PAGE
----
Wednesday, July 27, 2016

Only Attorneys Need Apply? Democratic Party = "Lawyers' Party?"


With the selection of the Clinton/Kaine ticket, EVERY Democratic nominee for President/Vice President since 1984 has been a lawyer (attended law school), according to our review of public bios (See chart below.). [BTW, Bernie Sanders did not attend law school, according to public bios.]

During that same time period, most Republican nominees have NOT been lawyers (some exceptions: Pence this year; Romney, if you count his joint MBA/Juris degrees received before he went into finance; Quayle and Dole).

By the numbers, 100% of Democrats attended law school (of 18 nominee slots, eg President/Vice President in an election cycle & 13 people, because some "filled a slot" more than once -- Al Gore filled slots three times, for example, during two VP runs and one Presidential run.). For the Republicans, app. 22% of the slots were filled by those who attended law school & app. 31% of the people nominated (some more than once) had attended law school.
We thought to check this after considering the different "word clouds" from ‪#‎RNCinCleveland‬ (heavy on "ISIS," "military," etc) and ‪#‎DNC2016‬, where "public service/servant" has been used extensively, often referring to lawyers.
Obviously, given the different views of the two political groups on government regulation, it's not surprising that being a lawyer now appears a requirement for making the Dem national ticket (btw, last Dem non-lawyer we could find was Jimmy Carter, a Navy officer and farmer before entering politics and being elected president in 1976 and then running unsuccessfully for reelection in 1980.)

FYI, there are roughly 3X as many "top executives" as lawyers in the American workplace, according to government labor statistics, and lawyers are outnumbered by other professions such as farmers/ranchers and high school teachers.

We've got our opinions on teams of lawyers, especially those with limited experience in business or even private practice, running a country that depends on a vibrant business environment. What do you think? Please let us know in the comments.


"There is no shortage of lawyers in Washington, DC. In fact, there may be more lawyers than people:" attributed to Sandra Day O'Connor


Attended Law School                         Non-Law School Grad/Profession Before Politics
1984
Ronald Reagan (Calif.) actor/union official/corporate spokesman– George H. W. Bush (Tex.) businessman, gov official
George H. W. Bush (Tex.) businessman Dan Quayle (Ind.)
Bob Dole (Kans.) – Jack Kemp pro athlete (N.Y.)
George W. Bush (Tex.) – Dick Cheney (Wyo.) gov official
John McCain Navy officer (Ariz.) – Sarah Palin (Alaska)broadcaster 
Mitt Romney (Mass.) – Paul Ryan (Wis.) Cong. staffer
Donald Trump businessman (N.Y.) – Mike Pence (Ind.)

Wednesday, July 13, 2016

Major Media Try to "Make the Statue of Liberty Disappear" in Reporting on Guns -- Latest Example is Vox

Magician David Copperfield famously made the Statue of Liberty "disappear" in plain sight on national television. Now the major national media are attempting a similarly audacious trick, this time involving some critical facts about one of our most important and contentious issues: guns.

The most recent example of this vanishing act is Vox's ambitious new project on gun deaths. "More than 33,000 people are shot and killed in the U.S. each year...And that means that for all the grief and haranguing and calls to action, we’re likely missing opportunities to bring that number down:" says the "letter from the editor" set-up for the report from Vox (a leading "young-adult site," according to WSJ's James Taranto.)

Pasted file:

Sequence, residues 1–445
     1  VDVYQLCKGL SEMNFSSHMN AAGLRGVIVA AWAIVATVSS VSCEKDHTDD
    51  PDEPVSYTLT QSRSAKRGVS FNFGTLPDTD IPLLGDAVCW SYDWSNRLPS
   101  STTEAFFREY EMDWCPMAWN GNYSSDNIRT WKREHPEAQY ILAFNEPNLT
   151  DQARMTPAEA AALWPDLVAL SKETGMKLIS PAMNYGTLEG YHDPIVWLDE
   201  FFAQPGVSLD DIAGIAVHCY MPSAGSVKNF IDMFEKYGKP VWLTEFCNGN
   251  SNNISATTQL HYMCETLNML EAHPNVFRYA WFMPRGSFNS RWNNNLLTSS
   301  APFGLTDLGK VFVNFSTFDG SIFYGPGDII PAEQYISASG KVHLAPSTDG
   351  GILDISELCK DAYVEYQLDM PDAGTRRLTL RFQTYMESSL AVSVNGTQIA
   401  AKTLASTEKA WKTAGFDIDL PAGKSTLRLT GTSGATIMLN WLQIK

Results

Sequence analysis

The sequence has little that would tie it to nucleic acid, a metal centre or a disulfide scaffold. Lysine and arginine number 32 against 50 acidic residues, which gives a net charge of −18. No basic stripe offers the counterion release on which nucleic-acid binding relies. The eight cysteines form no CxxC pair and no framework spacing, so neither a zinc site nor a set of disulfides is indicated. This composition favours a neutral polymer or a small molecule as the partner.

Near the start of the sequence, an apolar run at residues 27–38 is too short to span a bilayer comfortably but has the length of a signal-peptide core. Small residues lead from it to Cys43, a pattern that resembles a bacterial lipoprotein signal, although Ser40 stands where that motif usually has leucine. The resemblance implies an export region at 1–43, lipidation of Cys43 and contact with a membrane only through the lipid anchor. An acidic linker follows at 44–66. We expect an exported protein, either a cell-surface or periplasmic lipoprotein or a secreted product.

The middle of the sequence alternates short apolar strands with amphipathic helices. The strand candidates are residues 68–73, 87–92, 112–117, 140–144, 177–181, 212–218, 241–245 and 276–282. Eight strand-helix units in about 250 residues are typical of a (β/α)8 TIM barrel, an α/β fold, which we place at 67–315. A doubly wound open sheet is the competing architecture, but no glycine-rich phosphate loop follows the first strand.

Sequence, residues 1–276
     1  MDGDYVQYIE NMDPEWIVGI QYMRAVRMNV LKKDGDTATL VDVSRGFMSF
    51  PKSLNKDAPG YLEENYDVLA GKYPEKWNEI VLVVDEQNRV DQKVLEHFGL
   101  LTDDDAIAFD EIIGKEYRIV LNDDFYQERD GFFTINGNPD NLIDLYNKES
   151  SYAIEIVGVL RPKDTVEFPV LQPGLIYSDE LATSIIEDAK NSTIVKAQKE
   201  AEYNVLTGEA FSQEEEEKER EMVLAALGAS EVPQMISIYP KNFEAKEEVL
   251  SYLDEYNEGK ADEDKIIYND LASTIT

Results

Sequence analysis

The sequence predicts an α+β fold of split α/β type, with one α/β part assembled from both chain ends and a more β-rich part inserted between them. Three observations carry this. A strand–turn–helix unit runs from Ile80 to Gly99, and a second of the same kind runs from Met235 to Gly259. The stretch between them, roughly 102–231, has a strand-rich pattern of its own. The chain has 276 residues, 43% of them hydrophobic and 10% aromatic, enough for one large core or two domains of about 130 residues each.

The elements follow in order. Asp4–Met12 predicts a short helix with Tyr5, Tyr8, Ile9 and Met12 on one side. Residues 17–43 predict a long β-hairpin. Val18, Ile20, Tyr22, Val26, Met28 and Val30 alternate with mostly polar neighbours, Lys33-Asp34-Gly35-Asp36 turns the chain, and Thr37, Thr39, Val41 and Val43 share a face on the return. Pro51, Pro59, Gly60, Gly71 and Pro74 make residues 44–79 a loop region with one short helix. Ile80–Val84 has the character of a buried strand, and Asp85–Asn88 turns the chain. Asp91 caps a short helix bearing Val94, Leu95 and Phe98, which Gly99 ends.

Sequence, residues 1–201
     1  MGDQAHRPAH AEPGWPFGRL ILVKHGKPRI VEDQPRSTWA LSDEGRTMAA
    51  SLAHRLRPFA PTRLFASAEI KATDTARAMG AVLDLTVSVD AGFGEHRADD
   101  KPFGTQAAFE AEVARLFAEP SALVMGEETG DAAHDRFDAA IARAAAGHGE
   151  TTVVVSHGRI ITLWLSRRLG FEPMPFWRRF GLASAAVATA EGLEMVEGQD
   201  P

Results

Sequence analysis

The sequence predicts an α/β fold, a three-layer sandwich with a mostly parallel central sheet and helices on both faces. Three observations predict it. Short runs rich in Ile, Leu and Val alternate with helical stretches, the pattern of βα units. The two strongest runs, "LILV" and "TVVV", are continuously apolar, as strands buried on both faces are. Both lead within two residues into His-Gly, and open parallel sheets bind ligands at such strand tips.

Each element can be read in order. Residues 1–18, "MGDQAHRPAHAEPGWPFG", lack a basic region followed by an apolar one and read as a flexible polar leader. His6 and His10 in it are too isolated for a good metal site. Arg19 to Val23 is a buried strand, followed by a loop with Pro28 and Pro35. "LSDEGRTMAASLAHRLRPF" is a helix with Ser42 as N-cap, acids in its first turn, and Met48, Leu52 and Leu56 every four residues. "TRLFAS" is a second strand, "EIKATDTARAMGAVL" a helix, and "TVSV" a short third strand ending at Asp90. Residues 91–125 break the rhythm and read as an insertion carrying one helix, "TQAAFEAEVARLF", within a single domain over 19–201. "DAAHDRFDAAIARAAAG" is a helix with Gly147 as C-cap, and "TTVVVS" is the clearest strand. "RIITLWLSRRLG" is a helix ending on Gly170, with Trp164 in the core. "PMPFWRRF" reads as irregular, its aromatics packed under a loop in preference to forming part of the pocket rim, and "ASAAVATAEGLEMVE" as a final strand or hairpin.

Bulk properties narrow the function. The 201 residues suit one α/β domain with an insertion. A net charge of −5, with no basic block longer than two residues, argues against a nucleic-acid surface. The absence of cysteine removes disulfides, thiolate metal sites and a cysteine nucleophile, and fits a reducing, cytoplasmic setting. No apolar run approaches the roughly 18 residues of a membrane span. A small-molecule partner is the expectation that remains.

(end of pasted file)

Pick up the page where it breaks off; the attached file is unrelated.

What's actually missing is recognition in the set-up that the number of firearms deaths has plunged over recent years, from almost 40,000 (39,595) in 1993 to 33,636 in 2013 (Centers for Disease Control, source for the Vox report's data.).

You'd think Vox might focus on this decline (which would come as news to many readers subsisting solely on a regular diet of major media mush) and explanations for the drop, which might well provide ideas on how to keep the decline going. But that would be like David Copperfield focusing on a moving stage or hidden trap door.



Also ignored in the Vox set-up and many other major media stories is that the CDC predicted gun deaths would exceed those from motor-vehicle accidents: "by the year 2003 (the CDC wrote in early 1994), the number of firearm-related deaths will surpass the number of motor-vehicle crashes, and firearms will become the leading cause of injury-related death." bit.ly/CDCPredicts

Oops.

Turns out that in 2003 motor-vehicle crashes still killed far more Americans than guns (43,340 to 30,136). They still do, though by a much smaller margin: http://bit.ly/CDClatest  Now that's an interesting potential story.

All of which reminds us of this graphic from AEI (which again would probably come as a shock to many Americans):


guns4


Says the AEI researcher: "In contrast to the widely embraced narrative, perpetuated by liberal politicians and the media, that gun violence in America is getting worse all the time, the data reveal that the exact opposite is true. According to data retrieved from the Centers for Disease Control, there were 7 firearm-related homicides for every 100,000 Americans in 1993 (see light blue line in chart). By 2013 (most recent year available), the gun homicide rate had fallen by nearly 50% to only 3.6 homicides per 100,000 population."

We don't have the expertise to parse the more complicated statistical issues in the gun issue, but we do know enough to be skeptical when a critical trend is routinely & suspiciously underplayed, or even omitted, by so much coverage by the major media.

And unlike Mr. Copperfield, these media outlets apparently expect us to believe their sleight-of-hand is real.